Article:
Savage dope dealers, dirty cops, corrupt officials, and a few hapless civilians mix it up in New York City.
After The Cartel (2015), Winslow follows the drug trade onto the streets. The Manhattan North Special Task Force is a lightly supervised assemblage of “the smartest, the toughest, the quickest, the bravest, the best, the baddest” cops in the NYPD, and Denny Malone commands a happily representative task force squad: his boyhood pal Phil Russo; big, black Bill Montague, who dresses like an Ivy League professor; and Billy O’Neill, the youngest. The book opens with Malone in a federal lockup—how he got there unfolds in breakneck flashbacks told in the cadences and vocabulary of a cop’s speech. The pivotal, but by no means the first, of his many indiscretions is skimming $4 million and 20 kilos of heroin from the scene of a major bust. He also executes the kingpin, and in the raid, Billy is killed. The narrative picks up five months later, and the legal and extralegal exploits of the task force are detailed. The reader is asked to admire the effectiveness of their policing while condemning their methods—Joseph Wambaugh did it better. Malone’s brother, Liam, a firefighter, was killed on 9/11, and that horrific disaster for first responders forms a grim attitudinal backdrop to their days. Malone and the boys are dirty cops: they take and deliver payoffs, ignore the demands of the Black Lives Matter movement, and administer crude vigilante justice. Drugs are gotten off the street, though some may go up their noses or into their lungs. Eventually Malone is trapped, caught on tape offering to broker a payoff to an assistant district attorney. He cuts a deal to name lawyers but not cops, but corrupt prosecutors and deceitful administrators confound him. His alternatives shrink; more deals are made and abrogated. Are Malone’s crimes an inescapable consequence of his working conditions? Must the police break the law to keep the peace?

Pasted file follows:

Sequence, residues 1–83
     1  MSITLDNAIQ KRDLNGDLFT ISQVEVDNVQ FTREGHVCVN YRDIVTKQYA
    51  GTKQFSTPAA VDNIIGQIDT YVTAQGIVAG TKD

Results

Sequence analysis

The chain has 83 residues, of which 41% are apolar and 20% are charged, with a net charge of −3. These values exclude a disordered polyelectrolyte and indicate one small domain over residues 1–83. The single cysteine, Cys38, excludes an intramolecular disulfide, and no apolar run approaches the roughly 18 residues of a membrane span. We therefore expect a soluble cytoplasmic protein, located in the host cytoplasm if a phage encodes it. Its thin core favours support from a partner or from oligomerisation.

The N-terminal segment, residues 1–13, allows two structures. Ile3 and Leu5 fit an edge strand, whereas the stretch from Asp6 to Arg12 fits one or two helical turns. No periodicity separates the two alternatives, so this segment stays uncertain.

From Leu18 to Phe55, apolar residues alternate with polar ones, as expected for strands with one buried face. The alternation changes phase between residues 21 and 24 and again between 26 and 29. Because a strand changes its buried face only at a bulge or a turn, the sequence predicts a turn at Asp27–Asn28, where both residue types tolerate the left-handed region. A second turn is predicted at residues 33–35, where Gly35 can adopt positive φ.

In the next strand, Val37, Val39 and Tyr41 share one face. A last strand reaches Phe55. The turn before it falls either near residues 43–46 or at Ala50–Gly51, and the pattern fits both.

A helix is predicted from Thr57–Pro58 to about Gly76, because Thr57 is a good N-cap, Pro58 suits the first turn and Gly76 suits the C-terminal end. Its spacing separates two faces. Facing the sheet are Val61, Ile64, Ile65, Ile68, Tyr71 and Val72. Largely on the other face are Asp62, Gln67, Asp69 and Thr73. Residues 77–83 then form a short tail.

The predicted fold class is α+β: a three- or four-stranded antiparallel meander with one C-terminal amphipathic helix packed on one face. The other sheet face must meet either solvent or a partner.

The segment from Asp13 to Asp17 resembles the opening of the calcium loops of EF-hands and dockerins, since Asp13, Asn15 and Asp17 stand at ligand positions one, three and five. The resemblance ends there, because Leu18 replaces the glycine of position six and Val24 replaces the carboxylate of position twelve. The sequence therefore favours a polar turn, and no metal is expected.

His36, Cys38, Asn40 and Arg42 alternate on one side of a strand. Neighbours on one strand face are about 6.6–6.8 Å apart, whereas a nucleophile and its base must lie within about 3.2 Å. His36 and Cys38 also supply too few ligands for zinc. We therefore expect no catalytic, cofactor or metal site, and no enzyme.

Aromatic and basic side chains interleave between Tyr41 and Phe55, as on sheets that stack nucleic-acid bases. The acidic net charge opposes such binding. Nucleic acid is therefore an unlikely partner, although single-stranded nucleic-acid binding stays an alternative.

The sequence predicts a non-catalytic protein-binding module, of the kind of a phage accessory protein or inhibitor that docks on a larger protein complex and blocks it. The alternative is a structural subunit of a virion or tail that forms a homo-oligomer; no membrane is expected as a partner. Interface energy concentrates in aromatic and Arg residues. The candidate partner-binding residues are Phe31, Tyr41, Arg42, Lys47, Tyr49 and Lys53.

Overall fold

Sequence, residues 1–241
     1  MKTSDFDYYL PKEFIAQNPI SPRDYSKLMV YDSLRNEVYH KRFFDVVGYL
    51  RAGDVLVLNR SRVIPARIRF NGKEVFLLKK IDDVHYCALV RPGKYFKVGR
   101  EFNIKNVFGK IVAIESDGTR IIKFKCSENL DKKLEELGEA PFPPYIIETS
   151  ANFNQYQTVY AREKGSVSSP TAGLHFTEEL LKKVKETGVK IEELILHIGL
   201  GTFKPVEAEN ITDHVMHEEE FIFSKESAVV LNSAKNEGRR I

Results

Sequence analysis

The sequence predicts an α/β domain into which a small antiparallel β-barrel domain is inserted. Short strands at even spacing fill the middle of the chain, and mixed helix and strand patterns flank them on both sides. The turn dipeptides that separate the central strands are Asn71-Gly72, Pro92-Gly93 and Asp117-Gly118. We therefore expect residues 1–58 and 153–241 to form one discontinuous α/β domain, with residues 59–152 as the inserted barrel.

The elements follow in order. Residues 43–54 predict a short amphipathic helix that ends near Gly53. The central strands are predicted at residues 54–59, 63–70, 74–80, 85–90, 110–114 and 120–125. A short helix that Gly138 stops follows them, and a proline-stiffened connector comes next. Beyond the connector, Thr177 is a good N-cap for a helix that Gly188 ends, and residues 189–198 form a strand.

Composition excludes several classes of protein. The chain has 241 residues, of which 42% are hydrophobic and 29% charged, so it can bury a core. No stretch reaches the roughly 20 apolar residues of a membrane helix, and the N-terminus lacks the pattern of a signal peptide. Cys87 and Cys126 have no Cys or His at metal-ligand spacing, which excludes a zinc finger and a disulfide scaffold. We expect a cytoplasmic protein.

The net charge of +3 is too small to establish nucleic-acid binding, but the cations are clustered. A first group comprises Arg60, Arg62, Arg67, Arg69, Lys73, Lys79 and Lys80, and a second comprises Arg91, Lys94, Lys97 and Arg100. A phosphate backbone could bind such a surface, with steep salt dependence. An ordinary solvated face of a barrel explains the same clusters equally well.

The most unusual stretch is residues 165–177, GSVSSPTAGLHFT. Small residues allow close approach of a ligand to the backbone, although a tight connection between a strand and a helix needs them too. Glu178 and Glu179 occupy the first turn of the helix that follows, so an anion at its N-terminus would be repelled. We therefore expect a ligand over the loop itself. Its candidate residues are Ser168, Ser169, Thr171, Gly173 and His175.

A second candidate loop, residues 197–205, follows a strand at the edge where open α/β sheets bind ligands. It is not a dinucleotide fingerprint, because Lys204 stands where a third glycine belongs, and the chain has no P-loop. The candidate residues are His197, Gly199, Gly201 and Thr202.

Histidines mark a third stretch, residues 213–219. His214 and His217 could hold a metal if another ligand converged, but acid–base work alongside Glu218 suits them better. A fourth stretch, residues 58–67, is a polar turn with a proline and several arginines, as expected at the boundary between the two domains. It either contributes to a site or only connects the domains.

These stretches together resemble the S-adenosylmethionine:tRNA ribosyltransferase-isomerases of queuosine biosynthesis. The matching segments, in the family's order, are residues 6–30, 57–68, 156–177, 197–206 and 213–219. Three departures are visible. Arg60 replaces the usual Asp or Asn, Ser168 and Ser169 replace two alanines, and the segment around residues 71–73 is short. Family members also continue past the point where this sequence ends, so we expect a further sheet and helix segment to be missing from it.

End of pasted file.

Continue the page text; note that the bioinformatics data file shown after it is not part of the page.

By turns grim and giddy, this is a good read in the service of dark cops.